It appears that our youngest children – the children most susceptible to harm from pollutants – are more heavily contaminated with flame retardants than we are. According to testing performed by the Environmental Working Group (EWG), toddlers and preschoolers had flame retardant levels on the average three times higher than their mothers.
It was a little frightening to find out the EWG’s laboratory analyses of blood samples collected from 20 children and their mothers revelead that the children – between the ages of 18 montsh and 4 years – were an average of 3.2 times higher than their mothers. In total, the EWG reports that 11 different flame retardants were found in the children, and 86% of the thime the flame retardants were present at levels higher in the children than their mothers.
So what are these chemicals?
The chemicals are polybrominated diphenyl ethers (PBDEs). PBDEs are a class of chemicals that have been and are used as flame retardants. They are added to various consumer products to make them less flammable.
Flame retardants save lives by reducing the rate of spread of a fire in household items including electronic components and mattresses. So, flame retardants are added to all sorts of things, including plastic cases for electronics, such as computers, TVs, and DVD players; plastics used in cars, buses and aircrafts; and fabrics and foams, such as those used for furniture cushions, upholstery textiles, carpet backings, mattresses, and even cars, buses, and aircraft.
But, PBDEs appear to escape as gas from the products to which they are added, and a adsorb onto household dust. It is believe that we are exposed to them from household dust – about 80% of our exposure – and diet – the remaining 20%.
The scary thing is that PBDEs have been detected in virtually eery person and animal tested around the world. The body burden of North Americans appears to be the highest levels in the world – 20 times higher than the highest levels reported in Sweden.
And, PBDEs have been linked with a number of adverse health effects. Specifically, PBDEs appear to disrupt the thyroid hormone system, which is critical for brain development. Further, recent research suggests that deca-BDE, the PBDE still in use, may interfere with the nervous system, may be a hormone disruptor and may be a developmental toxicant.
There are three common formulations of PBDEs – penta, octa and deca. Penta and octa were phased out voluntarily pursuant to an agreement between the sole US manufacturer and the US Environmental Protaction Agency. However, penta-BDE and octa-BDE have not been banned (except for in a handful of states), so they may still be found in imported products. Deca-BDE is still in use in the United States.
Unsure about whether your furniture has flame retardants? You typically find flame retardants in soft furniture, such as couches and mattresses. Why? Because polyurethane foam, which is highly flammable, will have flame retardants added to it.
About a week ago, I participated in a conference call organized by the EWG to discuss the findings. It was interesting to hear first hand the results of the study, and also to hear reactions from fellow green parenting bloggers. You might want to check out, for example, Safe Mama‘s take on the issue.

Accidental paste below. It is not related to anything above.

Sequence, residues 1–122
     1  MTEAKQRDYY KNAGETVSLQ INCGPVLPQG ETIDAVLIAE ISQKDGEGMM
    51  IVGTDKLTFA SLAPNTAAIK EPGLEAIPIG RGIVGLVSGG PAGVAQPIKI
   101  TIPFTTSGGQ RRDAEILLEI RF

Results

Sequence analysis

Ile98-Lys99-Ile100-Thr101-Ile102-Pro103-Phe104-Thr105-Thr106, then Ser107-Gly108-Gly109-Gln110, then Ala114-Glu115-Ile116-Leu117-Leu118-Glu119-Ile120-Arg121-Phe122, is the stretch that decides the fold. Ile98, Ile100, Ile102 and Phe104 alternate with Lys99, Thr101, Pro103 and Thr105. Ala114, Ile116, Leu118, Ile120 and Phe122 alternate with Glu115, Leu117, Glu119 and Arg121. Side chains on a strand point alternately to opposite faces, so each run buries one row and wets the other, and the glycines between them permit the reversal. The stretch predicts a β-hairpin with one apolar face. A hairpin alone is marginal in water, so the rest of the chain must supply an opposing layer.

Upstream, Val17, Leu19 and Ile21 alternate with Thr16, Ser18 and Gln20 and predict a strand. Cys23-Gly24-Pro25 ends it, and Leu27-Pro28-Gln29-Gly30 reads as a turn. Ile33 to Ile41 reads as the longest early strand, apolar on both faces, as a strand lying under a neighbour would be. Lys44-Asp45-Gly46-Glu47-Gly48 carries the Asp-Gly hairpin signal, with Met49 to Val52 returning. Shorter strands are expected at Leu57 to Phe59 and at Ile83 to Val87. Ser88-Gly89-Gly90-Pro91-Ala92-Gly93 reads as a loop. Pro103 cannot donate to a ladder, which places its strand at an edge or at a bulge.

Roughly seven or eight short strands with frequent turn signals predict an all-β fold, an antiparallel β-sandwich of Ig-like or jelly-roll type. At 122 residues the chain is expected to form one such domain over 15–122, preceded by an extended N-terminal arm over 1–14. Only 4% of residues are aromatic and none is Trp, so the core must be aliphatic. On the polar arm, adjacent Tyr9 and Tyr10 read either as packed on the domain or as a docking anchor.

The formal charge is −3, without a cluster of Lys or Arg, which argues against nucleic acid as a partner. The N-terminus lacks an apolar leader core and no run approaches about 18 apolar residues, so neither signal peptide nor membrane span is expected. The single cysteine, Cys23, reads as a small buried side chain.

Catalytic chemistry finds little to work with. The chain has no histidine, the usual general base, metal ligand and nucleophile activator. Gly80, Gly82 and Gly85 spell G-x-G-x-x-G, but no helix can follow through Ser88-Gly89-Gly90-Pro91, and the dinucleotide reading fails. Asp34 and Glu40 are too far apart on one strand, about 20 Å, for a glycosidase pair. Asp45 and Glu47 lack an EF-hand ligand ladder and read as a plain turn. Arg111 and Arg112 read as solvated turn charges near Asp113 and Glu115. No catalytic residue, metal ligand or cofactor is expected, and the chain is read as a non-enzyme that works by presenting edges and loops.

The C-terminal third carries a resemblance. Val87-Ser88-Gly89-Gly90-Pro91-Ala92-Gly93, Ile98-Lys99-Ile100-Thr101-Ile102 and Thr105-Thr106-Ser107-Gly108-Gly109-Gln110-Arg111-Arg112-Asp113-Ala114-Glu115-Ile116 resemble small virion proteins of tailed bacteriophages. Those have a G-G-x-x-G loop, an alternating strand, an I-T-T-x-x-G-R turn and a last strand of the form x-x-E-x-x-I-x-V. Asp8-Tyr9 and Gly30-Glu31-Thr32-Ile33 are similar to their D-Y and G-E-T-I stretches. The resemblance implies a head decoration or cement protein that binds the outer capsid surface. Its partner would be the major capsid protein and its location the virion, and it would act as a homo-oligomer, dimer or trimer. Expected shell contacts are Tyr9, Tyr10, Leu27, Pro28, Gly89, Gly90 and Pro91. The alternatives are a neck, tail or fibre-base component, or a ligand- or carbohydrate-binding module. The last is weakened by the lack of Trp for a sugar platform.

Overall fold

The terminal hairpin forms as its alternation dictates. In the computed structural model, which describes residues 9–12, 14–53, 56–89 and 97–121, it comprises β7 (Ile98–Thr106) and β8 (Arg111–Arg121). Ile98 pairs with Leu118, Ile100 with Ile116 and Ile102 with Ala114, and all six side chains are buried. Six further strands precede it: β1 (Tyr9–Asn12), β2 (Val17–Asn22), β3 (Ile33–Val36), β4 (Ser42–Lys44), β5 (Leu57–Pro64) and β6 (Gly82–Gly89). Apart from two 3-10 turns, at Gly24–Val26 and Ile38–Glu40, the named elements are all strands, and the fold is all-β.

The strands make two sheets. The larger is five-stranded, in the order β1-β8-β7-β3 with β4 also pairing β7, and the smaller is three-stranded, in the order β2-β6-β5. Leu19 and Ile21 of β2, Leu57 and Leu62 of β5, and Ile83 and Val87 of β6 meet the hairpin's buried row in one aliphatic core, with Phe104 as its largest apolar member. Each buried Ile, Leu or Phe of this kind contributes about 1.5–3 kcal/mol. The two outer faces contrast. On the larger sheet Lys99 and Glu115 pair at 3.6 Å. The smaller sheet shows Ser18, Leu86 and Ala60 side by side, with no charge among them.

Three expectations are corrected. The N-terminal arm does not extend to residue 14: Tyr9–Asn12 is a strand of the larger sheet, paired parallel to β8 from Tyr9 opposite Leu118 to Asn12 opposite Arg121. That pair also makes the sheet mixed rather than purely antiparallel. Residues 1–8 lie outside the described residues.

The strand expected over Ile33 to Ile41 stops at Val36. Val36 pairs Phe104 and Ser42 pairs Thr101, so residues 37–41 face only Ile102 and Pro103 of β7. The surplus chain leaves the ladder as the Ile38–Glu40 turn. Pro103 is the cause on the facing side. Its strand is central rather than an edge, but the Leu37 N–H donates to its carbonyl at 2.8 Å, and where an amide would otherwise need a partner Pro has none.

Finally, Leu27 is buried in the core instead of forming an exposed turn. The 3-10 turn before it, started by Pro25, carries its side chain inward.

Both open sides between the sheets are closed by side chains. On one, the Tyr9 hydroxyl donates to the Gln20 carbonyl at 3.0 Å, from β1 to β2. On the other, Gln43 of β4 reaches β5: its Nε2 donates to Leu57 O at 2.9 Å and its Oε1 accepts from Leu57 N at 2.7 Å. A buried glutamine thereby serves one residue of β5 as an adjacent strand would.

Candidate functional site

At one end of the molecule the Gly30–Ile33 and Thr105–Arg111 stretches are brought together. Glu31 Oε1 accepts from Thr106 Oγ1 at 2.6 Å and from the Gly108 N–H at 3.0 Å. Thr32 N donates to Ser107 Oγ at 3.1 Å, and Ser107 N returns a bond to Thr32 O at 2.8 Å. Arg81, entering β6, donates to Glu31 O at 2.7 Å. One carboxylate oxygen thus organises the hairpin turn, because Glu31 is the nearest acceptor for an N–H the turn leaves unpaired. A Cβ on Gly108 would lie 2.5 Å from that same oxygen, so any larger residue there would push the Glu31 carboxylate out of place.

To reduce exposure to PBDEs, try these Smart Mama Simple Steps:
Skip the farm (farmed fish, that is). In analysis of products purchased from grocery store shelves, farm-raised salmon and farm-raised catfish had the highest concentrations of PBDEs. Farm-raised fish contained 5 to 6 times more PBDEs than wild fish, except for swordfish, which had the highest levels of most any food tested. As always.
Skip swordfish and duck. Swordfish and duck also had high levels of PBDEs based upon analyses of products purchased from grocery store shelves. Better choices – beef had the lowest levels, followed by goose, pheasant, scallops, canned tuna (although don’t forget about mercury) and wild coho salmon. Chicken had moderate amounts.
Don’t let those dust bunnies multiply. Vacuuming with a HEPA filter equipped vacuum and dusting regularly will reduce the amount of dust in your home, and thereby your exposure to those chemicals hiding in your dust. According to a lead researcher in the field, Miriam Diamond, Ph.D., an environmental chemist at the University of Toronto, “any measures one takes to minimize dust will reduce exposures.”
Ventilate. Improving your home’s air circulation so dust isn’t collecting will reduce exposure.
Buy PBDE-free products. If you are buying new products, then buy PBDE-free. Source control is the best solution. Always ask whether chemical flame retardants are added to products you are buying, or ask what is used to make the product flame retardant. But, you probably aren’t going to eliminate all products containing PBDEs since they are in so many consumer products.
Go natural. Some products are available in naturally flame-retardant materials. For example, wool and cotton both are naturally flame-retardant so window coverings, carpeting, etc., from these products may not have flame retardants added. But always ask!
Check your furniture and other foam products. If you have any polyurethane foam items with exposed foam or ripped covers, replace or cover up the exposed foam to reduce exposure. You don’t have to necessarily buy new – even using a heavy blanket as a furniture cover can help.
Wash hands! Reducing exposure to dust will reduce exposure to flame retardants. So, washing regularly with a liquid castile soap and warm water will help to reduce exposure to flame retardants.
And, keep in mind, not all of the atlernatives are safe. For example, skip products containing chlorinated Tris as a flame retardant too.